About half of my ancestors immigrated to this country as a result of the aftermath of Irish famine, an event in which people were found dead on the side of the road walking hopelessly in search of food with grass stained mouths. They were that hungry. They left Ireland without legal permission and entered the United States without papers (as did every 19th century Irish immigrant. Funny how we didn’t have border patrol then.) They didn’t wait for years for visas; they just boarded ships as soon as they could. They had suffered centuries of brutal British colonialism-  yes, they were the prototype for everything England would do to every other place it claimed as its own. But they entered the United States as immigrants and not slaves, and so they had it made. Bearing the right type of bodies, they exchanged colonization for unenslaved whiteness.

The great orator, abolitionist, and statesman, Frederick Douglass, visited Ireland in the 1840s. He was greeted as a hero: rare among “European” people, the Irish generally sided with enslaved African Americans on the question of freedom. But when they stepped foot on these shores, that all changed. They rioted against black people, kicking them out of Northern factories, shops, and cities. As long as Irish immigrants controlled Northeastern docks and blocks, black people would be shoe-shines or they would be nothing at all. Irish-Americans enforced antiblackness with unsurpassed enthusiasm.

Frederick Douglass described this remarkable transformation thusly:

Passage to the United States seems to produce the same effect upon the exile of Erin as the eating of the forbidden fruit did upon Adam and Eve. In the morning, they were pure, loving, and innocent; in the evening guilty.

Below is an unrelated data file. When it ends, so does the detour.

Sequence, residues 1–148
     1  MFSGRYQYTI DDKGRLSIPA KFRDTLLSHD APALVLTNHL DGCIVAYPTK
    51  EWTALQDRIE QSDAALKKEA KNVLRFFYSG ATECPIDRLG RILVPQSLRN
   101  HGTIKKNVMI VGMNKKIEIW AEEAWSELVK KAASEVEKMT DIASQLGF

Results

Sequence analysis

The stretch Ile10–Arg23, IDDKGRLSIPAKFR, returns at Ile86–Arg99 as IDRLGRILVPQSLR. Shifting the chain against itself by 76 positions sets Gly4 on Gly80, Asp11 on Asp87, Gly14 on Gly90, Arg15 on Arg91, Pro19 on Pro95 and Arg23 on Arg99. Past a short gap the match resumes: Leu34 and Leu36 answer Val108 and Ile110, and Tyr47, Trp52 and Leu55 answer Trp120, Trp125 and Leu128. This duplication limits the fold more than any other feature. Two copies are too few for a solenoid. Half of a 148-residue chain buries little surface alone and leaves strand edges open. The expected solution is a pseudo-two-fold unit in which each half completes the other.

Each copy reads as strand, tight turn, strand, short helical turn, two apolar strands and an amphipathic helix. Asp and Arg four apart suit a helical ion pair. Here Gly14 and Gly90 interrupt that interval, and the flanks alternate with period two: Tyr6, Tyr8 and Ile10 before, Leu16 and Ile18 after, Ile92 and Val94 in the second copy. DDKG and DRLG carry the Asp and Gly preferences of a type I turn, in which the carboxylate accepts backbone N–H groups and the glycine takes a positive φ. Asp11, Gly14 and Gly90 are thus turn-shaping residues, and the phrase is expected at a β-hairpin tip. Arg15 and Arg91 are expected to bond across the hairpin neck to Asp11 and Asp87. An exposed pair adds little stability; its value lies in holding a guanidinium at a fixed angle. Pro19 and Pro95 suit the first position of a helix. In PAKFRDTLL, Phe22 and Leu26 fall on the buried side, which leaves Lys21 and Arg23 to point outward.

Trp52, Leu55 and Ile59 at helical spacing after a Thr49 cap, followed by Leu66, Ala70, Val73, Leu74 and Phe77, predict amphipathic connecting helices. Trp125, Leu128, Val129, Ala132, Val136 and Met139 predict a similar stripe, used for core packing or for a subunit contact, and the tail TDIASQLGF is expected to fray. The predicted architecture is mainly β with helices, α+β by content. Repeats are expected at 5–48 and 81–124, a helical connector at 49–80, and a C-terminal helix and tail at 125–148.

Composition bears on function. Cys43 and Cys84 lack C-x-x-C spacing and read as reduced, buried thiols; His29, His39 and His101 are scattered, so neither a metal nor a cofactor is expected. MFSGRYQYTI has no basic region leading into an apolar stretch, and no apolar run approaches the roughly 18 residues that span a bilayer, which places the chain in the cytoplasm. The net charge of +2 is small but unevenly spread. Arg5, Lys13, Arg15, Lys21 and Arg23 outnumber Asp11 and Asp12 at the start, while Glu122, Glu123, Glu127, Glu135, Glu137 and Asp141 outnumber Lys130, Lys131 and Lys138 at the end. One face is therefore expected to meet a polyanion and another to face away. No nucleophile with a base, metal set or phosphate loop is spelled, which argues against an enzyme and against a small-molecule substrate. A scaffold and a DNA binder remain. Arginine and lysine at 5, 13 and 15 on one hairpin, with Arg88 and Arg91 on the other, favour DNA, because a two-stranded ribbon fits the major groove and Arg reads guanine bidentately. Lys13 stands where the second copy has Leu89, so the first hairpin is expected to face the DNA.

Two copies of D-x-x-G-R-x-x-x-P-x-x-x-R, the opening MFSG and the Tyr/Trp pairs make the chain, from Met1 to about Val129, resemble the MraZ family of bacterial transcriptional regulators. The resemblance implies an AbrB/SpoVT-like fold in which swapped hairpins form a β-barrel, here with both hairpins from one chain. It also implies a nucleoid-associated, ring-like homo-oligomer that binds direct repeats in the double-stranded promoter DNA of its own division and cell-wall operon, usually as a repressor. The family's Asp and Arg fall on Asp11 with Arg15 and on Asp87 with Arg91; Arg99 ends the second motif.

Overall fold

Know this: if you have even a single Irish Catholic ancestor who came here in the 19th century, you would not exist if Trump or Obama had been president when they tried to immigrate here. And neither would I.

There is truly nothing more disgraceful than an Irish (Catholic) American who turns their back on immigrants, refugees, or otherwise oppressed people.

I don’t want the power and dominance my Irish-American ancestors killed for; I want the independence and justice my Irish ancestors died for. Don’t you?

7 thoughts

  1. We heirs of the Irish are so enmeshed and conflicted. I first came to realize these connections when I read Linda Gordon’s book “The Great Arizona Orphan Abduction” many years ago (I cannot recommend it highly enough for complicating how the categories of race and immigration developed: http://www.hup.harvard.edu/catalog.php?isbn=9780674005358).

    But then two years ago, i had a very strange epiphany. On my first trip to Ireland (Nov 2017), I went to Limerick, and whilst there, discovered that Limerick was the hometown of my namesake immigrant ancestors. This launched my jet-lagged self into an online research project into my genealogy, in the wee hours of the Irish night. As I searched and clicked, I came upon a number of sources about the Chicago race riots of 1919–which was apparently the worst race riot of that year, known as the Red Summer, and one of the worst race riots in Illinois history (https://en.wikipedia.org/wiki/Chicago_race_riot_of_1919).

    And there, at the center of it, stood my great-grandfather, Chicago policeman, John O’Brien. The story I had heard for decades growing up, from my grandmother, was that her father had been “shot by a Black man.” That’s all I had ever heard. From the way she told it, I had assumed he died. Until that night in Nov. 2017, when I started Googling.

    The stories are varied. In all accounts, he got shot–in the arm. He didn’t die. But by one account, it looks like he fired the first shots in this debacle, and in doing so, shot three Black men (http://historymatters.gmu.edu/d/4975). Grandma clearly left out the details.

    So here I sit, connected to this man. How do we process such things? Two years later, I don’t yet have an answer, but I figure God is doing some work here…..

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